This has been a question used in the past couple weeks of my MA course at the Uferstudios here in Berlin.
(please note the use of the word here, as I am in Berlin. This attention to detail is similar to the uses of come and go & of take and bring that are too frequently misused. )
For the past couple weeks, we have been doing an exercise of Susan Rethorst’s , who maybe got it from Simone Forti. Who knows where it really came from, but I am sure people have consciously arranged objects in space for millennia. Did an exercise once with Mary Overlie in which we arranged white beans. The focus of that exercise was spatial arrangement. The focus of the Forti/Rethorst/Durning is quick decision making. (does it ever seem like so much of dance creation training is helping dancers get over their @#$%?!?)
Anyways, the exercise progressed from objects to people to solos. Each of us worked on something for 30 minutes (the exact time length varied each round). We watched each person writing down what we saw the person do. After everyone had presented, let’s not say performed because there is just too much baggage around that word, we read what we had written about each person.
Somethings I wrote – read from notebook, put notebook down, close eyes, open eyes, place downstage heel to arch of other foot…
Something I heard – a heroin addict, deliciously slipping, time expanding…
After the feedbacks, I felt confused. Were we supposed to write what we saw or what what we saw made us think of? For the next couple weeks, we did variations of this exercise with a new visiting artist. The feedback was stated to be of two different kinds – what you saw and then what it made you think of.
Good, I can roll with that. But then when the feedback happened, both kinds were mingled, eventually the what you saw losing a significant share of the airtime to what it made you think of.
Talking in the Ufer Cantine with my cohorts – (paraphrasing not quoting)
“When you see a man and a woman on stage, you don’t immediately think love story”
“No, I see a man and woman on stage.”
I am baffled as to why in our post-modern contemporary age we would still automatically see love story. Am I supposed to see war automatically when I see two men on stage? No matter what age we say we are in, we all still have the same expectations. Love songs are still written and will always be written. The only difference will be the instruments and the notes.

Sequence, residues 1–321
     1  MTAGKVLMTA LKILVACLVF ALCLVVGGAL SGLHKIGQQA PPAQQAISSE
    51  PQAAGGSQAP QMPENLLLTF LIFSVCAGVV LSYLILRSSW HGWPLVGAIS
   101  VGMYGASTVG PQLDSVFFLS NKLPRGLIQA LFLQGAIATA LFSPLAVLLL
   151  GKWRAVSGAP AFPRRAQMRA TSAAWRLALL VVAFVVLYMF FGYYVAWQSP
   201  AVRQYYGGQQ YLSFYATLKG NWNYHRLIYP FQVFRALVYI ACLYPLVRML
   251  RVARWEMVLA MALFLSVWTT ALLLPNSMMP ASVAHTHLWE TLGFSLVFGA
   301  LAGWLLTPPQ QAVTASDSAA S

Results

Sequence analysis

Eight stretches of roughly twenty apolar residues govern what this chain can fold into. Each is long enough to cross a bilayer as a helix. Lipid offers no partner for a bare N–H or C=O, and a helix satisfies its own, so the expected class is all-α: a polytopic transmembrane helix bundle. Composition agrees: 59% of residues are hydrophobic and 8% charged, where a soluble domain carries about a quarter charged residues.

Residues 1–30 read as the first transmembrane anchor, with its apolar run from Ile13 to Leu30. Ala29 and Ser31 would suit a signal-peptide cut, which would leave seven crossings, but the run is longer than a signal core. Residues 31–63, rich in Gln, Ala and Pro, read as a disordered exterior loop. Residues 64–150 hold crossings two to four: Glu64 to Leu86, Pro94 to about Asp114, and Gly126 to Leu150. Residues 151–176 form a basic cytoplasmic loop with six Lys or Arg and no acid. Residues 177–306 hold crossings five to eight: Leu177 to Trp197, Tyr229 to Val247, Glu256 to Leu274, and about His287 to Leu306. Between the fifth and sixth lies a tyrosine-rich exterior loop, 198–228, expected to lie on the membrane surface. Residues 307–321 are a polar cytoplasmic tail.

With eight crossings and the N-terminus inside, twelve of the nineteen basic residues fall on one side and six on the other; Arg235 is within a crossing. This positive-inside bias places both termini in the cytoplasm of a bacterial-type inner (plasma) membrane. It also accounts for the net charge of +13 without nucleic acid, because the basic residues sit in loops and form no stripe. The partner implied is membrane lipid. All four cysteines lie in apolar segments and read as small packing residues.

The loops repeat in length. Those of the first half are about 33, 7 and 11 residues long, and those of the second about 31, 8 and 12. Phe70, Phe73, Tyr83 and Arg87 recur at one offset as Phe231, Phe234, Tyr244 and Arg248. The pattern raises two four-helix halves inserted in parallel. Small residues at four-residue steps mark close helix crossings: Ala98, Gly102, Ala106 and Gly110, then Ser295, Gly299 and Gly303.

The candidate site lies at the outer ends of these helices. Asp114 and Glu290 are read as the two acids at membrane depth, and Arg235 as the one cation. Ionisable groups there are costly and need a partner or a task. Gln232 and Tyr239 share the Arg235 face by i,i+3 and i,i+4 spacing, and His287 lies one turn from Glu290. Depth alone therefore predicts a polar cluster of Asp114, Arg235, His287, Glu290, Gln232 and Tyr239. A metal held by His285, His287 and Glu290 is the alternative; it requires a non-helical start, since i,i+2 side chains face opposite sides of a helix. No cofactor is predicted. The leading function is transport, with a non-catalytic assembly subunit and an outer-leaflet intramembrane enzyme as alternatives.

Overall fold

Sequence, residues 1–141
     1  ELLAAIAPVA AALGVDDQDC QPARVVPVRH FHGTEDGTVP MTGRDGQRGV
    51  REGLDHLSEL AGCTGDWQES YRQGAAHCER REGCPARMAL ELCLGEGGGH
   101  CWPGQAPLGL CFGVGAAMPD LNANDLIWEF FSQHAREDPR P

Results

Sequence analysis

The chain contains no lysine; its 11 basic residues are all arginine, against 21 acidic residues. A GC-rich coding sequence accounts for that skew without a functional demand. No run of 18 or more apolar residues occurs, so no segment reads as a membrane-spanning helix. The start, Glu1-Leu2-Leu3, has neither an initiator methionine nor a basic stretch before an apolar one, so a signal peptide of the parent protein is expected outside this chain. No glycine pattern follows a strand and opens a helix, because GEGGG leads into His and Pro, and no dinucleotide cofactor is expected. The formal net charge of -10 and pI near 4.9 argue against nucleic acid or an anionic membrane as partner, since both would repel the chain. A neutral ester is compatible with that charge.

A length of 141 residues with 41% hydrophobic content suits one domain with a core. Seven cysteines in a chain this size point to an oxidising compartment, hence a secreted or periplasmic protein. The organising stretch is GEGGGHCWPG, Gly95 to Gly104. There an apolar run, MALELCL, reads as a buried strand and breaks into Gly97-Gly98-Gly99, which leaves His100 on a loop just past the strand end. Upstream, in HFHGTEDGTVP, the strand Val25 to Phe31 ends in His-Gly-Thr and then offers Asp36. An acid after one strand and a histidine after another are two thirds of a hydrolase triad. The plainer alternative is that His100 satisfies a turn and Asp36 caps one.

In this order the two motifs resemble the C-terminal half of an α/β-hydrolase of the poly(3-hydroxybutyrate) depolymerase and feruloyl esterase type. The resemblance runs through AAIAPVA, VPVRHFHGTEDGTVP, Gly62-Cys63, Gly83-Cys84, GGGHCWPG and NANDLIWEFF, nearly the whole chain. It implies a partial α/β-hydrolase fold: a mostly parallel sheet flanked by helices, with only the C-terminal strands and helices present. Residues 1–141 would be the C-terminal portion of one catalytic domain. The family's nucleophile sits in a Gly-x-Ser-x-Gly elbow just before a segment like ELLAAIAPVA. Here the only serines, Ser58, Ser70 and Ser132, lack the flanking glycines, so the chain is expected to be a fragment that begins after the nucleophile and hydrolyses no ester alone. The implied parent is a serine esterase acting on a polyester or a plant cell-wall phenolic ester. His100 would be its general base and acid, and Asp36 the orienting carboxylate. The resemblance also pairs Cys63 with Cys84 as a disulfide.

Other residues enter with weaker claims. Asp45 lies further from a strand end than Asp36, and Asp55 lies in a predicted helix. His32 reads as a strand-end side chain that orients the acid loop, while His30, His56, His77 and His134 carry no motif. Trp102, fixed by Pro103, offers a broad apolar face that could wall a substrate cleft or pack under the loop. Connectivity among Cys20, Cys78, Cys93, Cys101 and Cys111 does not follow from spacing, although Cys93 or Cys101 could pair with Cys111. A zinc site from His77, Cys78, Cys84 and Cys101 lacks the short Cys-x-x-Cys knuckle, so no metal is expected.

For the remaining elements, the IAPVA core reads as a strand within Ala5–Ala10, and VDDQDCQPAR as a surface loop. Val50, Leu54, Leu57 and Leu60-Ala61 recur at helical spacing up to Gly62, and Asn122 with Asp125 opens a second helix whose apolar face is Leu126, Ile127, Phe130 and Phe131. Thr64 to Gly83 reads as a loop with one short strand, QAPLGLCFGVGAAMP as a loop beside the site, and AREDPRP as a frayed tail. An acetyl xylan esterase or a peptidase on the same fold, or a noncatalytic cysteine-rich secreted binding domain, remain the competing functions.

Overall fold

But back to seeing…It took me a while to understand, but what everybody else mean by “what do you see?” is “what do you think of when you see…” And this is very dangerous territory. Just because you think something does not mean it is there.
Of course when I see stuff, it makes me think of other things. But when I am in a studio and I see someone sitting slumped against the wall, I see someone sitting slumped against the wall. I don’t see a heroin addict, or a depressed business man, or swirls of pain an agony. I might think of those situations or scenarios, but I don’t see them.
Are we not trying to be clear with our language and context in this MA program?
During the feedback after my showing on Monday, I brought up this issue and not understanding how people were seeing. This lead to a discussion of poetry…hmm not remembering so well, the connection to what I am thinking of…
but here is the thought anyways –
the need for the poetic, the dissatisfaction with what is there is the same need that has given rise to religion. People want mystery, people want there to be stuff going on behind the curtain and then they want to forget about the curtain.
People want to see what they imagine
Don’t get me wrong. I want people to imagine whatever they want. But when we say that we are going to write what we see, let’s do that. And then when we saw, we are going to write what what we see makes us think of, let’s do that.
there was something else I wanted to write but I forget what it was.
And here is quote of a quote to provide some triangulation and provide some sand to build this house on –
‘Ulmer affirms that Beuy’s objects are “…both what they are and stimulation for the general processes of memory and imagination.”‘
We should not confuse the two.